Goodbye Gauley Mountain: An Ecosexual Love Story

Goodbye Gauley Mountain: An Ecosexual Love Story is an autobiographical documentary depicting the “pollen-amorous” love affair between artist couple Beth Stephens and Annie Sprinkle, and the biodiverse Appalachian Mountains. This documentary follows Stephens and Sprinkle on a journey home to Beth’s native West Virginia, to talk to rural community members, environmental activists, family and friends in order to speak out against mountain top removal (MTR) mining practices, which are destroying the forests, towns, and people they love. Told first-person through interviews and ecosexual actions that connect them to the earth, Goodbye Mountain, braids together three main themes –the joys of ecosexuality, the destruction of MTR, and Beth’s upbringing in the heart of a West Virginia coal mining family – to address issues of environmental and social justice in the most poverty-stricken regions of the USA. Their goal is to begin mobilizing the gay, lesbian, bi, trans, inter-and eventually eco to stand up against environmental injustice everywhere. As Beth says in the film, “Gays and Lesbians can live without getting married, but they won’t survive unless they have drinking water and clean air to breath.”

The film’s structure juxtaposes ugly and beautiful, sadness and humor, to make the fight against MTR a little more sexy, fun, hopeful and diverse. We join locals in extreme tree hugging, sky gazing, rock kissing, and singing to the earth, and the film climaxes with a purple themed wedding to the Appalachian Mountains. Many of the locals interviewed gather to vow to love, honor and protect this region, which is – after the Amazon – the second most bio-diverse mountain region on earth. Through all this, we ask, how can we change our relationship from Earth as mother, to Earth as lover? Can romantic love for nature mobilize others, before it’s too late, to fight for social and environmental justice? Can the Earth feel our love? How does one ask a tree for permission before giving it a hug? How can we fight the fatigue environmental activists feel after prolonged fighting against multi-billion dollar corporations?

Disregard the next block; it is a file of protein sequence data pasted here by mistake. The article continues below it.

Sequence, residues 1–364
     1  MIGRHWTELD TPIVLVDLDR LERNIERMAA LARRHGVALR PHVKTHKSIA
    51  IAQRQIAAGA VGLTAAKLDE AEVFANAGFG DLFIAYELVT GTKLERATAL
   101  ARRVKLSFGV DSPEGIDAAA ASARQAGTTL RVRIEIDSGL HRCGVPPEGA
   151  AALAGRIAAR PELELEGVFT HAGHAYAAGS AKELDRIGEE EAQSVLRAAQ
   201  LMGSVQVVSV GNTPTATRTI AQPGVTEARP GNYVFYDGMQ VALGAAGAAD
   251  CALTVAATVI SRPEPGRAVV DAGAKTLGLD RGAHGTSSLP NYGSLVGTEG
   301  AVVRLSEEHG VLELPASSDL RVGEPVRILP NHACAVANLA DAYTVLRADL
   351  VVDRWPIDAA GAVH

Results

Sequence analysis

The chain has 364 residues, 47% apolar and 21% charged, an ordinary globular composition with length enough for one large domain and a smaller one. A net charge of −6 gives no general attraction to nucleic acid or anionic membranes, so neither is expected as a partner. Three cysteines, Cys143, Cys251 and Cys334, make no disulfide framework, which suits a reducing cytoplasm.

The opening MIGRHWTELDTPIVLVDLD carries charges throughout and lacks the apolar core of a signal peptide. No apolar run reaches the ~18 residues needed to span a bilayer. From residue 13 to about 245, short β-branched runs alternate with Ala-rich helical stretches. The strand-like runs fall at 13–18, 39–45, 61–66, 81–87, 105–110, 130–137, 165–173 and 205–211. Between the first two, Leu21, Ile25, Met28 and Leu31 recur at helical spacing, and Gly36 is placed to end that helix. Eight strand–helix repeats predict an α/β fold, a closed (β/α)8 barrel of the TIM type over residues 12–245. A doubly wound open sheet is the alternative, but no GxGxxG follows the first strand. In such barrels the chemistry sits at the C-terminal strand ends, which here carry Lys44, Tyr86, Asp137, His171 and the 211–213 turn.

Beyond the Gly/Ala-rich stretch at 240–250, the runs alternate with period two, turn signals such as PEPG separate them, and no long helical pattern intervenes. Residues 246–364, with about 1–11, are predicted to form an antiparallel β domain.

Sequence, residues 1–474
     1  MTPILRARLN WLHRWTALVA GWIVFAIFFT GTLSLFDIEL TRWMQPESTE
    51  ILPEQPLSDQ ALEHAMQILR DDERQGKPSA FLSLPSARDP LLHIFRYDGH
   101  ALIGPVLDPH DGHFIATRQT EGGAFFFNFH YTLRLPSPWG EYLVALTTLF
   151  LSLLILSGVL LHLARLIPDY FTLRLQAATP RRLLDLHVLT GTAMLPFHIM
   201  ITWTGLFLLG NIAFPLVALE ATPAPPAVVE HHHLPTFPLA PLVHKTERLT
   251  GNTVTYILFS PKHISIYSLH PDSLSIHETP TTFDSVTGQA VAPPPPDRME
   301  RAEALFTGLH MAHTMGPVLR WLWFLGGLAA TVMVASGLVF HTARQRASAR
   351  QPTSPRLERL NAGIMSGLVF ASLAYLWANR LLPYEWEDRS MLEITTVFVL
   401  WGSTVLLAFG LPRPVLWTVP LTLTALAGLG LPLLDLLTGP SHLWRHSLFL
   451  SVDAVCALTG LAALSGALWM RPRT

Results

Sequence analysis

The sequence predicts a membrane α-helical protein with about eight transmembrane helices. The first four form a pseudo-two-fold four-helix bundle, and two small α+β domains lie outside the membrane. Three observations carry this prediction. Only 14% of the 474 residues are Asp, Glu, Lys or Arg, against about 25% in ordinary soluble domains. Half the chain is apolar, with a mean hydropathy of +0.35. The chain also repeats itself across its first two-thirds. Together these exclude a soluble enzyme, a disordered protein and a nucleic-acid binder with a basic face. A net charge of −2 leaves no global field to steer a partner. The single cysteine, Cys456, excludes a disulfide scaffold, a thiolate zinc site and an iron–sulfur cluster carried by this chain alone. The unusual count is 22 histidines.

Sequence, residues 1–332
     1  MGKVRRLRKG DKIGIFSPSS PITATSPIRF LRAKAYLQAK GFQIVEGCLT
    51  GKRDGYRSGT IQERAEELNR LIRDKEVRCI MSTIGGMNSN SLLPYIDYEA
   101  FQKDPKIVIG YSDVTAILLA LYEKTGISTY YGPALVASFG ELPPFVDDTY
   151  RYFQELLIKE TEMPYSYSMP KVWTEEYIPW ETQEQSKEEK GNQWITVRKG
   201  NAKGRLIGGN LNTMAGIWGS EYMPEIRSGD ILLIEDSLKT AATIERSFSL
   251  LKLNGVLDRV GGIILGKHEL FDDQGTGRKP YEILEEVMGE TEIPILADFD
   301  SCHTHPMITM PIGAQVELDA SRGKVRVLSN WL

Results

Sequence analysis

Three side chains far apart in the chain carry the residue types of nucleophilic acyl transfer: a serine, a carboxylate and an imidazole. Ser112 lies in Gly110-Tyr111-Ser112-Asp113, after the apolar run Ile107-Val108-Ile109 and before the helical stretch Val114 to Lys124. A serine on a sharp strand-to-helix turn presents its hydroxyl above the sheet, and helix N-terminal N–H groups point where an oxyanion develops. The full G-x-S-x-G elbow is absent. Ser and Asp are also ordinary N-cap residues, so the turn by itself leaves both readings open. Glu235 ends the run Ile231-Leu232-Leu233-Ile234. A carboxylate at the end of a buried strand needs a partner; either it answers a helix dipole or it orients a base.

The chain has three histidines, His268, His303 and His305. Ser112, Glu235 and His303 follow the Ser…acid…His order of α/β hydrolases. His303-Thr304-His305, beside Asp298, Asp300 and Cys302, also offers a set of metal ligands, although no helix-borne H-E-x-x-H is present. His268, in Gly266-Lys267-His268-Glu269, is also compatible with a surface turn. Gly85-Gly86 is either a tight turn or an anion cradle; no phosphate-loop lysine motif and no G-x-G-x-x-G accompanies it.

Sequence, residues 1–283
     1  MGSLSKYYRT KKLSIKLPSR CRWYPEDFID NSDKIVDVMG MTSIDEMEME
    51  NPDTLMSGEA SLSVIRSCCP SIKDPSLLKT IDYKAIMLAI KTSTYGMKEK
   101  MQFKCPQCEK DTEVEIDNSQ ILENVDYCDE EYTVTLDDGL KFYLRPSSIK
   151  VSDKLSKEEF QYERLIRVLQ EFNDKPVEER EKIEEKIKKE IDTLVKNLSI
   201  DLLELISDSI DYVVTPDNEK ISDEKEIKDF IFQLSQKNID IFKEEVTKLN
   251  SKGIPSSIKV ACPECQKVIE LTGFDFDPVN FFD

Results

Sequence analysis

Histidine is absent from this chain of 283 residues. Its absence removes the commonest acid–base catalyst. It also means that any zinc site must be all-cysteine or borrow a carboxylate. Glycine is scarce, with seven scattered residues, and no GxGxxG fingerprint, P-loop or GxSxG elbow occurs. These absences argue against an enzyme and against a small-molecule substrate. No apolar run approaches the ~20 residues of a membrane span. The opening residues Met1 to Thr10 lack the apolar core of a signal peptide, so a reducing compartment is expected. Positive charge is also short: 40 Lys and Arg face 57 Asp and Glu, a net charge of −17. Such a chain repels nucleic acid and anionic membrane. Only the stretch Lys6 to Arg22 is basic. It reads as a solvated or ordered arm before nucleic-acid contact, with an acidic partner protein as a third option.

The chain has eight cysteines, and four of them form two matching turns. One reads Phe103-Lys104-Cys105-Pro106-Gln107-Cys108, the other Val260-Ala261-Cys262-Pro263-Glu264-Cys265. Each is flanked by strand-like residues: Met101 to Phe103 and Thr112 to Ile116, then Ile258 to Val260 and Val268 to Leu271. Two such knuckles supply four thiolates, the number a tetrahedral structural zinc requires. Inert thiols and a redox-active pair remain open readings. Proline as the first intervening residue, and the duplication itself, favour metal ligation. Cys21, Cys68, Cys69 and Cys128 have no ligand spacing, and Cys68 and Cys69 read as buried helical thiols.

This is the story of how Stephens and Sprinkle came to marry the Appalachian Mountains and join the fight to abolish mountain top removal. It’s a compelling story of small communities facing destruction for short-term corporate gain, but it’s also about hope and how, finding strength together, we can resist, and fight for justice in our own queer ways. These two humans are artists, environmentalists, and ecosexuals living in San Francisco who go home to West Virginia to visit Beth’s family. During their visit, they learn about the devastating practice of mountain top removal (MTR) strip mining, which is in full swing – as are its devastating effects on the mountains and their communities.


These film credits will grow as the film nears completion:

Director: Elizabeth Stephens

Associate Director: Annie Sprinkle

Produced By: Elizabeth Stephens and Annie Sprinkle Associate Producer: Jordan Freeman

Gaffer: Danyel Ferrari

Photo Stills: Paul Corbit Brown

Photo Stills: Vivan Stockman

Production Stills: Danyel Ferrari

Original music by: Joan Jeanrenaud

Cinematography: Jordan Freeman Aerial Footage provided by Paul Corbit Brown

Editing: Jordan Freeman, Julia Reardin

Audio Producer: Rich Reardin

Hospitality: Anne Harless, Damon Cater and Susie Cater

Catering: Anne Harless

Participants In Order of Appearance: Elizabeth Stephens Annie Sprinkle Catherine Moore Stephanie Tyree Wedding Participants WV PFAG Gathering Anne Harless T. Paige Dalporto Larry and Carol Gibson Cindy Lilly Joe Hampshire LeRoy White Vivian Stockman Keith Spangler Jack Spadero Patricia Spangler Kitty Baughan Cole Paul Corbit Brown Grumble Damon Cater

Thank you: Stray Dog Antiques


This film has been generously supported by the UCSC Arts Research Committee and the Academic Senate’s Committee on Research

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